Y plenum chamber, part of the fumes entering thev means of a vertical divider 12 that spans the hood from side to side beneath the bottom of the plenum chamber 9 at a Vfront inlet aperture 9a, the remainder at a rear aperture 9b. The plenum chamber contains a body of fumes and air of sufficient volume to smooth out any irregularities or pulsations produced Vby the exhaust fan and causes'a practically constant suctionv in the work chamber. The intensity of such suction is regulated by varying the openings 9a, 9b that are dened by the spacing of the edges of plates 10, 10a from adjacent walls of the hood, as roof 1, and the inner wall or partition 13, which will be described later. My invention includes means for accomplishing such adjustment without requiringV the operator to reach into the fume hood, that is, the adjustment may be effected solely from outside the hood while fumes are being generated in it. The adjustment may be produced by various mechanical means, but merely for purpose of illustration, and not as a restriction to the scope of the invention, I havey shown a preferred adjusting means.
In the form shown, the front deecting plate 10 and the rear plate 10o, constituting the bottom of the plenum chamber are rigidly united ohliquely to each other and divergent upwardly. The bottom thus formed can be raised and lowered to adjust the size of the front and rear inlet apertures 9a, 9b. To permit the plenum chamber bottom to be adjusted by means that can be worked fromoutside the hood, I prefer to provide three slots in each side wall 6, 6a of the cabinet. Through each slot projects a threaded guide pin, there being one pin 10', 10a', on each end of each plate and one on each end of the junction of the two plates, as shown at 9c in Figs. 1 and 7. Fasteners, such as wing nuts and washers, are used for clamping the plates ,10, 10a to the walls of the cabinet. When the wing nuts are loosened the desired adjustment of apertures 9a, 9b is made by moving both plates 10, 10a. This may be conveniently done by means of an adjusting lever 9d pivoted at 9e to the side wall of the cabinet, the pin 9c projecting into the end of the lever.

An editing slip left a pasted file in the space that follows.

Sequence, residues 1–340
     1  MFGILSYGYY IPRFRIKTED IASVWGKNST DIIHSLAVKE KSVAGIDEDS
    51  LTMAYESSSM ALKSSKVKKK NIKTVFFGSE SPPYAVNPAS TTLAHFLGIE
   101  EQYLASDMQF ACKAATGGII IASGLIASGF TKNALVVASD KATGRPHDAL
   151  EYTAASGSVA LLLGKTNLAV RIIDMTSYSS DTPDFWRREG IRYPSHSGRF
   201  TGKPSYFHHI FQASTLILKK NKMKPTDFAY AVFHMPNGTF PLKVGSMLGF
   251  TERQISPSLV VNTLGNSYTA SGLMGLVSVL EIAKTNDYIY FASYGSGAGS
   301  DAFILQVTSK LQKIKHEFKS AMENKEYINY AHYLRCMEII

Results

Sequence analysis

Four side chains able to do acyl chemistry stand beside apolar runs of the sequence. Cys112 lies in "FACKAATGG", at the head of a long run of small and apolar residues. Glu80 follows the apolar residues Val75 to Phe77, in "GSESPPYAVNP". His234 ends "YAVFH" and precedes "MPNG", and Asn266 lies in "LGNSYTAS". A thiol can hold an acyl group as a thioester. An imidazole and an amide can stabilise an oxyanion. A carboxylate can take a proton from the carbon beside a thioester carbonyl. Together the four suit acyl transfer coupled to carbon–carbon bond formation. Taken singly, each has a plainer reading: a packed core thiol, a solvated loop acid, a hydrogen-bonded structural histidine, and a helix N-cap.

An upright partition 13 is, as usual, spaced from the back wall 5 and extends up to the plenum' chamber, the vertical ue so defined being in communication at its bottom with the work chamber and at its top with theexhaust stack so as to remove fumes from the lower part of the work chamber. The upper part of the upright partition is bent forward at 13a to conform to the plate 10a of the plenum chamber in its adjustment. At its bottom the partition 13 hasl an` opening v13h controlled by an adjustable damper 14 hinged at its lower edge. The damper passes an amount of air suiiicient to carry off gases that are heavier than air.
The preferred means for adjusting damper 14 is illustrated in Figs. 5 and 6, there being an eye 15 loosely connected to the upper or opening edge of the damper, the shank of the eye passing through a hole in the partition 13 and connected to an adjusting push-rod 15a extending forwardly to a convenient place within the reach of the operator. ,A latch 15 is pivoted to the partition and shaped to present an eccentric slot 16a to engage the adjusting rod Yby camaction so as to hold the damper in any adjusted position.
A claimed feature of my invention is an auX- iliary adjustable member, such as baiiie'plate or damper 17, located rearwardly of the lintel 8 of doorway 7, slightly. above its lower margin and below the deecting plate 10 of the plenum chamber. The purposeof auxiliary damper 17 is to so direct the main part of astream of room air entering the doorway under the action of the eX- hauster in the stack, that. it shall ilow rearwardly toward and into the front uprising stream of fumes, thus exerting a tendency Vto keep the fume stream against divider 12, thereby prevent.